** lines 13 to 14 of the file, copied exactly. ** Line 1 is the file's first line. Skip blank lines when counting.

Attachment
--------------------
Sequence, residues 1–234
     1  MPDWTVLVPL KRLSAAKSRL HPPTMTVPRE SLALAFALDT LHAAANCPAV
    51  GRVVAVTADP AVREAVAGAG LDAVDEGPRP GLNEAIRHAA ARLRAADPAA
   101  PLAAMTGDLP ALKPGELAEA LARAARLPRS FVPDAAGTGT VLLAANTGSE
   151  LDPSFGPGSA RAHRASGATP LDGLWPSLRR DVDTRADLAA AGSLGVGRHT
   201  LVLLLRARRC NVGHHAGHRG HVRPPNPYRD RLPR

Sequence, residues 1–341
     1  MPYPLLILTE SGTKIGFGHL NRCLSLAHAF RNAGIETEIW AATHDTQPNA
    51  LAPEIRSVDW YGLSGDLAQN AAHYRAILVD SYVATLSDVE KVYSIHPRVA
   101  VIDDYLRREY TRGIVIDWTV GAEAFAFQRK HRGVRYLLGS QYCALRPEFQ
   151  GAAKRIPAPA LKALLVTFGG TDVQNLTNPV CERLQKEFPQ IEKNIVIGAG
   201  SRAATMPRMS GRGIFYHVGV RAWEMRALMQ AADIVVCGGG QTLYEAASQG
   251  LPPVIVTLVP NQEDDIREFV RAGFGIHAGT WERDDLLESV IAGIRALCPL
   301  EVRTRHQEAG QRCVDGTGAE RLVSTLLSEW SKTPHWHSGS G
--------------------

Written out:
   251  LPPVIVTLVP NQEDDIREFV RAGFGIHAGT WERDDLLESV IAGIRALCPL
   301  EVRTRHQEAG QRCVDGTGAE RLVSTLLSEW SKTPHWHSGS G